Thanks for the comments guys. I appreciate your input.
If your algorithm works OK with "X" towns, why not limit the number of towns you consider, using some 'intelligent' criteria to weed out uninteresting places, such as: "Already have a high degree of service (me or other)", "Too small population", "Too far away from everything" etc. until you're down at X towns to optimize. Of course, this will not give you a global optimum, but it might be good enough.
Hmm yes, that's a good idea.
I was thinking of having a domain restriction based on the distance from the home town (which is semi-randomly selected), however it would be nice to have different strategies for selecting a domain, especially "too small population". I usually find than small towns of less than 200~300 people are a huge drain on profits.
Or consider tha large map as a number of smaller maps, and develop one part at a time.
Oooh, regional services... I REALLY like this idea!
How would you split the map into "parts"? Ooooh, here's an idea... find the a list of the largest cities (top 10-percentile by population perhaps) and then use those to split the map into "counties" or "provinces" (I don't know the term used in Sweden) using a Voronoi diagram
. I already have an algorithm to compute the dual-graph of this, so it should be pretty straight-forward.
Some of the upcoming changes I am thinking about will require having multiple plan graphs anyway, one per cargo "scheme", e.g. one for pax/mail, one for coal, one for the farm vector, etc... Perhaps the pax scheme could be split into pax-regional (one graph per region) and pax-express/-intercity.
Its all a bit meaningless with stock TTDLX buses, but with NewGRFs (Zephyris' generic road vehicles set has some cool coaches that I'd like to take advantage of), or better yet once rail gets implemented in NoAI, this could really take off! I love stuff like this! This is the fun bit for me.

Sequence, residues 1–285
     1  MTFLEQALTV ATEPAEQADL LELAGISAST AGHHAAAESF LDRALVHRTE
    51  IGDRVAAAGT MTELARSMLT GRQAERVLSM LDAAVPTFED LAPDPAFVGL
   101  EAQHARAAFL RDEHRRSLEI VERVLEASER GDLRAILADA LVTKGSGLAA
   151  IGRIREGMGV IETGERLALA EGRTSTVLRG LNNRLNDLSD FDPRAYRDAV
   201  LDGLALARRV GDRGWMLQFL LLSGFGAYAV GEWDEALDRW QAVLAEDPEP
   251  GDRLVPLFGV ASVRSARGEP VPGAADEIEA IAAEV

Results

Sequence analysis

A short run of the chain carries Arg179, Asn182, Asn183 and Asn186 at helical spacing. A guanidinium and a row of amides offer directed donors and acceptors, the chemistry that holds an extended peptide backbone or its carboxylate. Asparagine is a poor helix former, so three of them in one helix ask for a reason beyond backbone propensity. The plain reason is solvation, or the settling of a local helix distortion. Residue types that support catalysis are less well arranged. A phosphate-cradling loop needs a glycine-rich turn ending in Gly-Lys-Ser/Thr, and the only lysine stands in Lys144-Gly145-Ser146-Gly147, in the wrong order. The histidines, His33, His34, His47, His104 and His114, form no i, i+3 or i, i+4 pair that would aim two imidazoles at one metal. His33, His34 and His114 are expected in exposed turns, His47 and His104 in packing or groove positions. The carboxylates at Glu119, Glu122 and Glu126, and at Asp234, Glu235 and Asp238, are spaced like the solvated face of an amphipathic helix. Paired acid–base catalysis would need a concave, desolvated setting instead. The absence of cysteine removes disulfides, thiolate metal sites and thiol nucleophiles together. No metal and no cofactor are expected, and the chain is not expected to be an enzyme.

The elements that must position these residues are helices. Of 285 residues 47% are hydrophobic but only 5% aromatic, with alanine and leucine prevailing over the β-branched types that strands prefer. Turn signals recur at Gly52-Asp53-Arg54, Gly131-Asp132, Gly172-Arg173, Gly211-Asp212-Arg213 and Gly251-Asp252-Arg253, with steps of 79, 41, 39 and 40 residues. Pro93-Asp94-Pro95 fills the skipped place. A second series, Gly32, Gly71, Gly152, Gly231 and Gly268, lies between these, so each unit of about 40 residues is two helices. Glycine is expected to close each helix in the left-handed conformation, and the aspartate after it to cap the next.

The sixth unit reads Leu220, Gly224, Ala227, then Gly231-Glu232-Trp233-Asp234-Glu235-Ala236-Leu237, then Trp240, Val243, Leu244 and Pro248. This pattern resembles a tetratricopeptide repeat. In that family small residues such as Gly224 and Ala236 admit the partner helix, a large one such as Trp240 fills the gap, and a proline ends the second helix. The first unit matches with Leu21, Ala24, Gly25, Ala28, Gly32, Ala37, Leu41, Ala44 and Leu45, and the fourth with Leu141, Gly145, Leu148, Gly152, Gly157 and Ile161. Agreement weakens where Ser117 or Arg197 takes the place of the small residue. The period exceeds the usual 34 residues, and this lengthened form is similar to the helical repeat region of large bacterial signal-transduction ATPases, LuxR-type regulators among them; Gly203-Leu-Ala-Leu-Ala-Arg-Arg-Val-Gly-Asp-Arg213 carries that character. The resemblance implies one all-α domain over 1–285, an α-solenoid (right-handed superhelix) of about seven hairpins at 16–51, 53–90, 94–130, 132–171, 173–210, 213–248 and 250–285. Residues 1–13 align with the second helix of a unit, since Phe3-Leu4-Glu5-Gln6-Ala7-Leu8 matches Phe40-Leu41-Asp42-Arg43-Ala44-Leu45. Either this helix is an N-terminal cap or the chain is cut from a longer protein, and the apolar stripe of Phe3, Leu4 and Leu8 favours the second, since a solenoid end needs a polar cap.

AndersI suggestion will also help take into account water-heavy maps. There are sometimes areas that, while technically feasible to connect via. road, are economically completely rubbish decisions to make!
You're absolutely right, and this really is something I need to fix. On maps with a high sea level it builds ridiculously long bridges all over the place.
I was thinking of applying a pruning stage after the triangulation graph is computed, to discount any links that cross the sea or that are otherwise impractical. Any ideas on how I could determine whether a link worthwhile or not?
Usually buses don't go to far, so linking up towns more then 100-200 (or more?) tiles apart, due to the nature of breakdowns, is rather counter productive in most cases (and with rail, if we get to it, is easier done on a station-to-station, or branch-station-onto-mainline-route mentality).
So you could always use the algorithm, but on very specific groups of towns. After all, the AI still needs to make use of the roads - building them is fair enough, as a task it is something necessary, but it doesn't make any sense to do it for unused roads does it? (or is the exercise ignoring that?)
Roads are only actually BUILT when needed to implement a bus route, and those routes are selected based on which is most profitable. However I don't currently consider breakdowns... maybe I should factor that in. Thanks for the tip!
Once we have rail then I think it would be best to split up services as you suggest, however for now since we only have buses to play with and I still want to work with long range services, I'll stick with the current system! To be honest, right now I have more interest in designing a realistic and aesthetically pleasing road network than in making profit! I'll worry about winning the tournament later on!
Thanks again guys